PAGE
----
Where to stay: Hoffell Glacier World
The Hoffell Glacier World is located very close to the Hoffellsjökull glacier and offers modern and spacious rooms.
Day 11: Glacier Day: Visit of Hoffellsjökull, Diamond Beach as well as Jökulsárlón & Fjallsárlón glacier lagoons
This day is dedicated entirely towards glaciers and ice! We hope you like it cold, because today you’re definitely getting a fair share of sweet sweet iciness. From Hoffell Glacier World it’s only a 15 minute drive to the outlet glacier of Hoffellsjökull, which is a part of Vatnajökull. From here on you can start hikes at the glacier! We had a long day ahead of us, so we didn’t have time for a hike unfortunately. Instead we had planned to visit three of the most incredible icy attractions in Iceland:
- Diamond beach
- Jökulsárlón glacier lagoon
- Fjallsárlón glacier lagoon
When we say icy “attractions” we mean it quite literally. This is like the Disneyland of glaciers. Think huge parking lots, dozens of buses and even more cars, restaurants, food trucks, adventure companies offering their services from glacier hikes to lagoon boat rides – you got it all. If you’re looking for solitude, this isn’t the place to go. And although we really don’t like overcrowded places, these 3 places still left a lasting impression on us – just for their sheer magnitude and gorgeous scenery. Just be warned, that you won’t be alone there!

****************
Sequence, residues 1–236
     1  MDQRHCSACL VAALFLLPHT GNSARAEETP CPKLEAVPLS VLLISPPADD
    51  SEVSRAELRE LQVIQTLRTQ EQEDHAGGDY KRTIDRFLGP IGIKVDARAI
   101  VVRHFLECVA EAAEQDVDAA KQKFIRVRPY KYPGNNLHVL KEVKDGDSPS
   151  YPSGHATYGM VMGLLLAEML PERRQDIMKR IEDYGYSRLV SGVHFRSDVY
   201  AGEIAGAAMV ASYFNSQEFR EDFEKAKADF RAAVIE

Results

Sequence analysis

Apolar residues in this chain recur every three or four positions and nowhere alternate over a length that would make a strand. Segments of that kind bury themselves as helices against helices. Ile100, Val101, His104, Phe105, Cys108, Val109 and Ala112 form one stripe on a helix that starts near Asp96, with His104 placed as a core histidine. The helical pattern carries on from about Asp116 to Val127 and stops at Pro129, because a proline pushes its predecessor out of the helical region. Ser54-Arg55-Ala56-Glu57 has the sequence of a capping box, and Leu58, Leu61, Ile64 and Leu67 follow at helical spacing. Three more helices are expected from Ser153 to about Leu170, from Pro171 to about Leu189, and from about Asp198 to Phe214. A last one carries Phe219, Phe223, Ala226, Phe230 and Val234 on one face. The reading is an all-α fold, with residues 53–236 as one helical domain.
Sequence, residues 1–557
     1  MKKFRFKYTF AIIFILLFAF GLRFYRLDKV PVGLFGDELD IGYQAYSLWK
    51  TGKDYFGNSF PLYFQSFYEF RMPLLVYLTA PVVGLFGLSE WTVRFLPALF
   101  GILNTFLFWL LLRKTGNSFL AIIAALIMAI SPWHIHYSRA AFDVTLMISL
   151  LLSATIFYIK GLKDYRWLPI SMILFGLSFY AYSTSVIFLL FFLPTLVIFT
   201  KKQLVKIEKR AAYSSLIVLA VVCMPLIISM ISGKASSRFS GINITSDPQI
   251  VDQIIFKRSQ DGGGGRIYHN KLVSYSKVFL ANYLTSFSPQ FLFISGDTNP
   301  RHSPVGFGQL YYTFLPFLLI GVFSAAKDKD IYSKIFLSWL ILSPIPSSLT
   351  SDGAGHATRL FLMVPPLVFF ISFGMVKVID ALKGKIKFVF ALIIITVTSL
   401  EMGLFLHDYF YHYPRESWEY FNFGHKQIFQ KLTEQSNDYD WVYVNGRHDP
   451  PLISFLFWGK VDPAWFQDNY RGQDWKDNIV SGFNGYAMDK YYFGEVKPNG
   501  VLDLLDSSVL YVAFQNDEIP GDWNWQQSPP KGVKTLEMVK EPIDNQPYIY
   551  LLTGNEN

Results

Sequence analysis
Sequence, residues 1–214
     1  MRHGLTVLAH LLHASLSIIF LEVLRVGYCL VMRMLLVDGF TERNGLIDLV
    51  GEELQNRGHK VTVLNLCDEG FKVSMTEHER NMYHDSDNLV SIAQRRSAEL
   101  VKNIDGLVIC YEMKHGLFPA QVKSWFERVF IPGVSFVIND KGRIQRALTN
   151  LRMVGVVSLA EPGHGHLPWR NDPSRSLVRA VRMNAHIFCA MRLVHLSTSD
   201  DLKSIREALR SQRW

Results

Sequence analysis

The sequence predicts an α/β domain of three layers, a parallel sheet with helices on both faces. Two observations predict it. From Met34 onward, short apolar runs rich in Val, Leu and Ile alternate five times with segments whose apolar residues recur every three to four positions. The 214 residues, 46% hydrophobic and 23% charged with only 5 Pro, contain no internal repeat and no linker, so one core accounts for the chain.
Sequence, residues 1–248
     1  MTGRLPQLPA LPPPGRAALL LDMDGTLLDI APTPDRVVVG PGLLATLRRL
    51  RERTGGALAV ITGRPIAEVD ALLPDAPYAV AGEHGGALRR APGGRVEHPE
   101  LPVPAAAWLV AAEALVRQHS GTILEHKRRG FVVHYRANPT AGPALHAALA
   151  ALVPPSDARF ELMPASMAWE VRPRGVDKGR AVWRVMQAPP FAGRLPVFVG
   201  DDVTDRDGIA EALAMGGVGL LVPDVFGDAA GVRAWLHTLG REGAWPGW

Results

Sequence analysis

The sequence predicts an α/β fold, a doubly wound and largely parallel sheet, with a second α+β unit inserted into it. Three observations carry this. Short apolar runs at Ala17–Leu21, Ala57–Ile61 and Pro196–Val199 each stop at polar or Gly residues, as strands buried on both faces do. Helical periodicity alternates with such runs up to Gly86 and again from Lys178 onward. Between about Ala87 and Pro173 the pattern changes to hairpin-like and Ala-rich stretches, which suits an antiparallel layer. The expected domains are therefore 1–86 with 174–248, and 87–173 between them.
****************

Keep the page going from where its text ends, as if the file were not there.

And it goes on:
You can rent Kayaks at the Jökulsárlón glacier lagoon to get even closer to the huge icebergs and the seals!
All three places are quite close to each other – so you can easily combine a visit of Jökulsárlón, Fjallsárlón and Diamond Beach in one day! When we visited it was quite cloudy, foggy and rained – but it was still beautiful! We can only imagine what this must look like in good weather 🙂
Last but not least we visited Fjallsárlón which was our favourite place! Here you can hike along the lagoon and get spectacular views of the glacier.
At the Fjallsárlón glacier lagoon the fog had cleared a bit and so we got a better view of the glacier!
After these 3 icy attractions we made our way to our hotel for the night – but without having to say goodbye to the glaciers yet. Hotel Skaftafell is located right next to the glacier, in fact there’s a small private hiking path right behind the hotel leading it’s way directly to another glacier lagoon, which you won’t have to share with hundreds of other tourists.
Where to stay: Hotel Skaftafell
At Hotel Skaftafell we got spoiled with a 3-course vegetarian dinner.
Some of the rooms had been recently renovated in elegant & muted colours.
Day 12: Hike to Svartifoss waterfall & visit of Fjaðrárgljúfur canyon
Today we decided to hike to the incredibly overrated Svartifoss. In retrospect we could’ve skipped this part. Not only had we seen much more impressive waterfalls before, the 1 hour hike was also overcrowded and once we arrived at the waterfall we had to fight for a small spot on the viewing platform to get a photo. We would suggest you do yourself a favour and skip this waterfall. We recommend to instead go to the North and visit Aldeyjarfoss (which has similar basalt columns, but is much less crowded).